Dr. Oz is Facing Class Action Lawsuit
By Carolyn Hsu |
As the popular saying goes: “With great power comes great responsibility” and daytime TV personality Dr. Mehmet Oz is feeling it firsthand…again.
Despite being a Harvard and University of Pennsylvania educated medical doctor and faculty member of the Department of Surgery at Columbia University, Dr. Oz has repeatedly come under criticism for doling out non-scientific advice to his legions of followers. A study published in the British Medical Journal in 2014 concluded that more than half of his recommendations were not backed by science and in some cases even contradicted scientific evidence.
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One such case is his promotion of a weight loss supplement called garcinia cambogia, which he touted as a “magic weight loss cure” in an episode of his show called "Five Biggest Fat Busters for Five Body Types in Just Five Days."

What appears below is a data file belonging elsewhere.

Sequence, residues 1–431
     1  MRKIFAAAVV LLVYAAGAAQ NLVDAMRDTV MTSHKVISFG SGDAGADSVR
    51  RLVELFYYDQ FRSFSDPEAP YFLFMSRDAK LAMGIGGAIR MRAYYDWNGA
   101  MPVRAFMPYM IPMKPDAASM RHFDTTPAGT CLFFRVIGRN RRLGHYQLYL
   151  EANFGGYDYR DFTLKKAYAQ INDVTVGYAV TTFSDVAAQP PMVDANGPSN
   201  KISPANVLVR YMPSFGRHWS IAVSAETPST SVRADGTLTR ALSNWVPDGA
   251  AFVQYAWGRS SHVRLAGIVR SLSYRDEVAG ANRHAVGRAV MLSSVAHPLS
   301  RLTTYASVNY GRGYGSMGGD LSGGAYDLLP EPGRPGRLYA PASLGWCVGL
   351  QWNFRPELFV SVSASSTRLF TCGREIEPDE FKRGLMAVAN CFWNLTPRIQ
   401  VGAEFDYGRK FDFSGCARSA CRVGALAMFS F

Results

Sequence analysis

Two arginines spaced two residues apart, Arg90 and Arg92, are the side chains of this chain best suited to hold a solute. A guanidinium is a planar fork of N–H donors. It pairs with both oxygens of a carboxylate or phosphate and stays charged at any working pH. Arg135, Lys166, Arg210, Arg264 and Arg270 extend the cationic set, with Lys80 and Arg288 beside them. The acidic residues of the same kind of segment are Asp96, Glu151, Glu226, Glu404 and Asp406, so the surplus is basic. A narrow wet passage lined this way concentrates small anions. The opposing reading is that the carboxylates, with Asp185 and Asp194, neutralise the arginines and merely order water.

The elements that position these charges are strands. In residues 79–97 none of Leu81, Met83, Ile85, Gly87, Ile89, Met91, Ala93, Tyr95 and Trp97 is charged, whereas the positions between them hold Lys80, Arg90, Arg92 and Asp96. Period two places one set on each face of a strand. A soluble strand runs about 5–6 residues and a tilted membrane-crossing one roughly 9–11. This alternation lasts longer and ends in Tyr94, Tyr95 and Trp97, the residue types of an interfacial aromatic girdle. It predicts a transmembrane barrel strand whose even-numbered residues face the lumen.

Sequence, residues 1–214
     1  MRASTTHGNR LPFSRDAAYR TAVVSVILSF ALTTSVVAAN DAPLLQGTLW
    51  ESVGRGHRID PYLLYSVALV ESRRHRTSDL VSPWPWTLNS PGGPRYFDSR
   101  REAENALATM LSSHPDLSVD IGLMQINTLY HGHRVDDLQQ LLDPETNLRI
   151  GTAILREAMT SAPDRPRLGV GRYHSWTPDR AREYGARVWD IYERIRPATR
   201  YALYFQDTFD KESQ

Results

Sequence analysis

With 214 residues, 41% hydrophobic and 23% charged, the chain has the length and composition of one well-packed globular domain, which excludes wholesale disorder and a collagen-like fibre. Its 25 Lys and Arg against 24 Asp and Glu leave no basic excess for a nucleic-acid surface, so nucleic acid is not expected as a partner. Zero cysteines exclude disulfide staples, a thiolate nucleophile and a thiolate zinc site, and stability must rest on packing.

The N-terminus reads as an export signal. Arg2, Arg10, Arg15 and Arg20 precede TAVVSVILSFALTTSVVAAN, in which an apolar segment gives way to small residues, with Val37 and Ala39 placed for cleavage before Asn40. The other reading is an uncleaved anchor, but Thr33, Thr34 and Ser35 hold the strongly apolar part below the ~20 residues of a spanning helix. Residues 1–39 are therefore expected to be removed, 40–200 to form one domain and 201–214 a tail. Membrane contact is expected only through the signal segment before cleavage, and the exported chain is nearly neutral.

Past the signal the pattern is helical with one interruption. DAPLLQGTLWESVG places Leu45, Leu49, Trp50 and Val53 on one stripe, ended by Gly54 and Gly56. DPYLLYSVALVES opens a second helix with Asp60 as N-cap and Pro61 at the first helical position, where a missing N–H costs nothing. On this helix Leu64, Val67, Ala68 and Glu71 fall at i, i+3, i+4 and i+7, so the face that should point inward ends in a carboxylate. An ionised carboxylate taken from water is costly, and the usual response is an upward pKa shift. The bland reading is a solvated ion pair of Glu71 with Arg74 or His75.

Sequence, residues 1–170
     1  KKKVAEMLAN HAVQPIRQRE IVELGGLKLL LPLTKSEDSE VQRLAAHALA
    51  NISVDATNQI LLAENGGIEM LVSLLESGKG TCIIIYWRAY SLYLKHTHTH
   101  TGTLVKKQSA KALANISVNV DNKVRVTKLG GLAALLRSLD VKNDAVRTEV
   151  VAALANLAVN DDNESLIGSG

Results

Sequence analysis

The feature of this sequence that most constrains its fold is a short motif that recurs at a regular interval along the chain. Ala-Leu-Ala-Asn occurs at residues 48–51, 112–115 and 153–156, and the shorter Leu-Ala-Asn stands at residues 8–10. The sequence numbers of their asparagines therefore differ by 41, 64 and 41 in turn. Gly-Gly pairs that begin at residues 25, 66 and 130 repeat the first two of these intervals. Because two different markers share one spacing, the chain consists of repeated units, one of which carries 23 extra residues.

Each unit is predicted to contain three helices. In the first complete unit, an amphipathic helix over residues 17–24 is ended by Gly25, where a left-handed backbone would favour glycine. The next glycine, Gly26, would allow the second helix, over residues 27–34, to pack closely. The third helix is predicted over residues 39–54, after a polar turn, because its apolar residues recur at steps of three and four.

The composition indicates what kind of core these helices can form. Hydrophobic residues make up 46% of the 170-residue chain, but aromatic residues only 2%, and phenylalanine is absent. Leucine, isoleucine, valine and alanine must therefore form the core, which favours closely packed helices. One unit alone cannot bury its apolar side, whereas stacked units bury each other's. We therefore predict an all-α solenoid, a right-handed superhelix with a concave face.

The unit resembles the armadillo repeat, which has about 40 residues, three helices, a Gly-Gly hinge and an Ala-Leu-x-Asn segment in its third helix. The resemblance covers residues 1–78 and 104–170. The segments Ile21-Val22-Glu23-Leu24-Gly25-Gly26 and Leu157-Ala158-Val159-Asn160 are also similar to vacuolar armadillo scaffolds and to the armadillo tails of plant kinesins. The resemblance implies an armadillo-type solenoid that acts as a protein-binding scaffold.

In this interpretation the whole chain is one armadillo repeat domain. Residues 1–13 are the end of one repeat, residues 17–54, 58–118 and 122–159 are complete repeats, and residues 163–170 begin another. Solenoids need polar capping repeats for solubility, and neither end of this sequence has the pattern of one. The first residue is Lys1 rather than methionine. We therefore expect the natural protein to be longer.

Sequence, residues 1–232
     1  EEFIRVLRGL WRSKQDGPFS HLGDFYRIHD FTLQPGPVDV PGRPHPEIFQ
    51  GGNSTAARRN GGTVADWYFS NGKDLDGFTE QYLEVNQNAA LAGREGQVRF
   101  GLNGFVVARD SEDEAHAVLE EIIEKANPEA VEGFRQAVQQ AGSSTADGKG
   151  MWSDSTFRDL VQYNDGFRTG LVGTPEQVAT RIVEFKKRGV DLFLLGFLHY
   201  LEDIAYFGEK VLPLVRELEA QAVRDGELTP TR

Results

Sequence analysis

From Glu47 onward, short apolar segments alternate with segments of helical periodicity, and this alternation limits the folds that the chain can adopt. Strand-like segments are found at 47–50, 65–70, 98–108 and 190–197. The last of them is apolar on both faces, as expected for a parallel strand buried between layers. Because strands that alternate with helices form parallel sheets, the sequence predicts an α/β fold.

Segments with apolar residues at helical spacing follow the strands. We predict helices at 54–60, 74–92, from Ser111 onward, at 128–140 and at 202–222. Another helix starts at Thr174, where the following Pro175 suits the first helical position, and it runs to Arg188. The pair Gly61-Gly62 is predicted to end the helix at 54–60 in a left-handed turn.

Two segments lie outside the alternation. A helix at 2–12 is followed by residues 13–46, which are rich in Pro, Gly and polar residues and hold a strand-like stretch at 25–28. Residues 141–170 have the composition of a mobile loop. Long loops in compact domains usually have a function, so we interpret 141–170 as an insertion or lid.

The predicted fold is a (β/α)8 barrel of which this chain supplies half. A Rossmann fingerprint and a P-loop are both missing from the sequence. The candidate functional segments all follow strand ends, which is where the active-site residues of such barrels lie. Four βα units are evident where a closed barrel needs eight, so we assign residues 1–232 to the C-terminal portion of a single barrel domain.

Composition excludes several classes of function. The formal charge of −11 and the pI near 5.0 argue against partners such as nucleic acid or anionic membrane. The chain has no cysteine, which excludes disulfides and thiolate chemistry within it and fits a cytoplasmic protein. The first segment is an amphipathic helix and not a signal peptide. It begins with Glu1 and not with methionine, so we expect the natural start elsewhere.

According to TMZ, his promotion of the product has led to a class action suit, which says that Oz credited the supplement as “the magic ingredient that lets you
lose weight without diet or exercise,” leading sales of the supplement to
skyrocket. Now angry consumers are suing him, supplement company Labrada and Harpo Productions for their money back plus damages.
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This also isn’t the first time Oz has gotten in trouble for promoting this very product. In 2014, he was investigated by the US Senate. During that hearing, Oz cited a scientific study that has since been discredited.
A rep for Dr. Oz tells TMZ, "As we have always explained to our viewers, the Dr. Oz Show does not
sell these products nor does he have any financial ties to these
Studies on the effectiveness of
garcinia cambogia for weight loss is inconclusive at best. Research from NIH
and JAMA showed that there was no evidence that linked garcinia cambogia to
appetite, long term weight loss or decrease in fat mass, though one study in 2010 showed
that it could lead to short term weight loss. That study concludes, “The
magnitude of the effect is small, and the clinical relevance is uncertain.
Future trials should be more rigorous and better reported.” In other words, a holy
grail it is not.
Bottom line: Still no shortcuts to losing weight.